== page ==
Anatomy of Running, Part 1: Participation
Editor’s note: This is Part 1 of a three-part series
You’re not just imagining it: Runners are everywhere these days, from the ubiquitous trails around Colorado, to the rolling roads of Virginia, and the dusty dirt paths on the outskirts of urban areas like Dallas and Atlanta. Lacing up a pair of sneakers and looping a 5K around the neighborhood—or lasting through a 100-mile endurance effort—is becoming as American as waving the red, white and blue.
“Running in America is thriving, attracting new runners from both genders and reaching new highs in participation and economic activity,” says Rich Harshbarger, CEO of Running USA. His nonprofit, founded in 1999, furthers the sport in this country, and finds some phenomenal numbers, too. According to Running USA’s 2014 State of the Sport, which collects data from the Sports & Fitness Industry Association survey, among other sources, there are now more than 54 million runners in the U.S.
According to Running USA’s 2014 State of the Sport, which collects data from the Sports & Fitness Industry Association survey, among other sources, there are now more than 54 million runners in the U.S.
That represents a 2.5 percent increase over last year—but a 70 percent leap since 2004, reports Running USA. We haven’t seen this kind of passion toward putting one foot in front of the other since 1970, when the Peachtree Road Race (with just 110 entrants, believe it or not), and marathons in New York and Seattle, sparked a coast-to-coast jonesing for everything jogging. As Running Times explains, road running up until that point was “unfashionable.” But, infused with the creative energy of fun runs, the trend suddenly swept up seemingly ordinary Americans.
Sound familiar? Today’s running boom is riding a similar tide but with broader-reaching ripples into trail running, obstacle-course racing, kids’ clubs and more. Adventure racing is now the top trending activity among all sports, reports the Outdoor Foundation in its “Outdoor Recreation Participation Topline Report 2014,” with a 28.4 percent participation change in three years.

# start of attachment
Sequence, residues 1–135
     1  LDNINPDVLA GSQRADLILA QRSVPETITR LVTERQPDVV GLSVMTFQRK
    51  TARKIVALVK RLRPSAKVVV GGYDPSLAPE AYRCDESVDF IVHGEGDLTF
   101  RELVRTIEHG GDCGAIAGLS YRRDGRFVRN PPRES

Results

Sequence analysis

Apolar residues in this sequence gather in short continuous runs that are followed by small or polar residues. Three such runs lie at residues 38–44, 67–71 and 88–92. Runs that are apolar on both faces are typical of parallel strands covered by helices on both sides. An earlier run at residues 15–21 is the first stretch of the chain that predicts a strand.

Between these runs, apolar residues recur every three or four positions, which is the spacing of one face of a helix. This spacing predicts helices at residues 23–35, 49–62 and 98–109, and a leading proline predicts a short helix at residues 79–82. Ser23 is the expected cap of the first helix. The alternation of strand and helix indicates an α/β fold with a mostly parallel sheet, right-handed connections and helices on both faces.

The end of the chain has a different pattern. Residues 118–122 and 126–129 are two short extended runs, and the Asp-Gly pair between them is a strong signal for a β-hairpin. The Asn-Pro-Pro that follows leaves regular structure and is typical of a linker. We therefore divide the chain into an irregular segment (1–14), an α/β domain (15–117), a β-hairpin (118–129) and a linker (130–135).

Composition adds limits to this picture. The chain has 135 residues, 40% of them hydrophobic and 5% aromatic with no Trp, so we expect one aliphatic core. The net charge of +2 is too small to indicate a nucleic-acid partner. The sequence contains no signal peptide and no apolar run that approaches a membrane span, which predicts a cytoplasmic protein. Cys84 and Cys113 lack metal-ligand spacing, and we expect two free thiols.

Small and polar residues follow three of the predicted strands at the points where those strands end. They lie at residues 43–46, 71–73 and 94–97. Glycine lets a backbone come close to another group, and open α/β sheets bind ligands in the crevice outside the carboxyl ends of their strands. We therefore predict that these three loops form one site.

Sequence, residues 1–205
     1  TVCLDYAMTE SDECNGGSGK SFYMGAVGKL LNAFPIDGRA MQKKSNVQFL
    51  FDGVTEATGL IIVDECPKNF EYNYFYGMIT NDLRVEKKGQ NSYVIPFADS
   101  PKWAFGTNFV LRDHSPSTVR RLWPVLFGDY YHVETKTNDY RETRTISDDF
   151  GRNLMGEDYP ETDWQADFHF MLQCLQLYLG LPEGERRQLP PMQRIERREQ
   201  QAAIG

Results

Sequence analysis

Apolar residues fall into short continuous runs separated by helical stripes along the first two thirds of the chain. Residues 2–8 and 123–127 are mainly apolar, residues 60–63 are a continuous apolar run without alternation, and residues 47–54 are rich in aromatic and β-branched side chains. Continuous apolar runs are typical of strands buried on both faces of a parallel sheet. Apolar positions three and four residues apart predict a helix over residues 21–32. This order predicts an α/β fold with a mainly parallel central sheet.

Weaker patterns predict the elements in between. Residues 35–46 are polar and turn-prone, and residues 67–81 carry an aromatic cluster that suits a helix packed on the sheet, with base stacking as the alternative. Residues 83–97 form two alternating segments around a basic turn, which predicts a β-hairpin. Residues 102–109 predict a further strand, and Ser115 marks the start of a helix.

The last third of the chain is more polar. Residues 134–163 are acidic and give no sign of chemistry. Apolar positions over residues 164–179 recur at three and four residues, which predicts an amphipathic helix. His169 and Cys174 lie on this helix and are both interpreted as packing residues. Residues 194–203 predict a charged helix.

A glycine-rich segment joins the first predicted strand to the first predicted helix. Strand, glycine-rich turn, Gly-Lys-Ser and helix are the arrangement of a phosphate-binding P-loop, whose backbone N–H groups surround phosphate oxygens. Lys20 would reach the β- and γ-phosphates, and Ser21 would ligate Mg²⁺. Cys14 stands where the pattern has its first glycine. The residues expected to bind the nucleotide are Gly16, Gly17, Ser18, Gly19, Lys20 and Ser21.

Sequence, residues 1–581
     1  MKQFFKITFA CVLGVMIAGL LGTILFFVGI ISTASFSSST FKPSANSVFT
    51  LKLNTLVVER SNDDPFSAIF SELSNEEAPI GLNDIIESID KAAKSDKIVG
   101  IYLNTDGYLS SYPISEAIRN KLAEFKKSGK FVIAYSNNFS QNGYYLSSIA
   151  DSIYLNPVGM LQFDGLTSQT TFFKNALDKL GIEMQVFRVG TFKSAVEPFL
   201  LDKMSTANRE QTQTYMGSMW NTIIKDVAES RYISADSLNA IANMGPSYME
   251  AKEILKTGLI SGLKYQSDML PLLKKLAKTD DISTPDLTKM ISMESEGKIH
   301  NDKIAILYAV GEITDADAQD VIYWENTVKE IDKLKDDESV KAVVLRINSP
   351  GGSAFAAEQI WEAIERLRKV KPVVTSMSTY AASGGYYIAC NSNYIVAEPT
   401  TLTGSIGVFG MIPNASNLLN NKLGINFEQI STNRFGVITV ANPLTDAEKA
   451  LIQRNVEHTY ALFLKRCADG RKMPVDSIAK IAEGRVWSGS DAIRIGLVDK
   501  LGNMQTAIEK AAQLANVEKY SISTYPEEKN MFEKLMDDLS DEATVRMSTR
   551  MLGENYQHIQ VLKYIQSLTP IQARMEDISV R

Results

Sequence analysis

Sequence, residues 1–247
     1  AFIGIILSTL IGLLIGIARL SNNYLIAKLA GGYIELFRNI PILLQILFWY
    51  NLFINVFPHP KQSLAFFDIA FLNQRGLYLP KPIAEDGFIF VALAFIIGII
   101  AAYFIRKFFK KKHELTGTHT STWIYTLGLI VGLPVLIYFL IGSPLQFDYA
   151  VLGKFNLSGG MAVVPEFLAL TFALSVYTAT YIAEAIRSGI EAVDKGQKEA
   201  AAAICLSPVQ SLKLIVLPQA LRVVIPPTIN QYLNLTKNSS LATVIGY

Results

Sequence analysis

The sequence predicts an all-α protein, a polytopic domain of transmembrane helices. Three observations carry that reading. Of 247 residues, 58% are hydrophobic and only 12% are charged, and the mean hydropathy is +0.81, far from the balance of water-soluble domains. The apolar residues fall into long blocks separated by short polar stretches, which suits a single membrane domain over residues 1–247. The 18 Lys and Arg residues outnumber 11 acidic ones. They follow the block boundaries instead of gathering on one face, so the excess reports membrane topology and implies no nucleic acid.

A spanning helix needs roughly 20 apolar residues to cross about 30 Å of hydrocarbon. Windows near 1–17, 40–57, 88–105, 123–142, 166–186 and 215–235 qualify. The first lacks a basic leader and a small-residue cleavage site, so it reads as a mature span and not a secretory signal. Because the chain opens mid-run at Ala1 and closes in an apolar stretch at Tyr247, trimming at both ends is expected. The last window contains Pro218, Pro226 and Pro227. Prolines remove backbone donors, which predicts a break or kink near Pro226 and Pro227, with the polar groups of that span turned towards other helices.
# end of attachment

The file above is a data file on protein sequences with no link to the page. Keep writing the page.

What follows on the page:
“I think the concept of getting ‘fit or healthy’ has changed,” says Henry Guzman, co-owner of and buyer for Flatirons Running, Inc. in Boulder, Colorado. “We’ve seen a huge explosion into the trail running market, and in the Tough Mudder-type of runs, which means people are looking to get off the roads and try something more challenging and different than regular road races.”
Road races are still raging, of course—especially 5K events, which saw a 34 percent uptick in finishers between 2013 and 2014, reports Running USA. The 10K increased 1 percent during that time, along with a 6-percent rise for the half-marathon and an 11 percent change for the marathon. But other running events jumped a whopping 22 percent, indicating an increasing interest in the same “creative energy” that pulled the country off the couch in the 1970s. “Obstacle challenges and themed runs have spiked in the past few years and are already as popular as traditional marathons and half-marathons,” writes Running USA. “While 6 percent of those surveyed had participated in marathons previously, 5 percent had participated in an obstacle challenge and 7 percent in a themed run.”
So, who’s doing all this running? While the numbers vary according to surveys conducted, the short answer is just about everyone from Great Uncle Karl to the kindergartner next door. Americans 25 and older made 2.8 billion running, jogging and trail running outings in 2013, reports the Outdoor Foundation. “Outdoor participation among youth and young adults showed promise,” write the authors of the “Outdoor Recreation Participation Report 2014,” putting running atop the most popular activities among young people. According to the report, 24 percent of America’s youth (ages 6–17) are participating in running, jogging and trail running. So, what’s the attraction? According to OIA ConsumerVue research, runners’ top motivations are “physical exercise,” “having fun” and “improving my physical health.”
Meanwhile, most finishers of traditional road races aren’t exactly spring chickens, with the average age of a female 5K participant at 33, and the average age of a male marathon runner at 40.2. This has a major impact on not only who we see on the streets but also what we see in stores. “The single driving force is women between the ages of 35 and 60,” says Guzman.
Will this recent running bubble eventually burst? Track stars such as Mary Cain are blowing away records, and recreational runners are discovering a staggering array of ways to get their sweat on. Which means we, like Cain, won’t likely be slowing down anytime soon.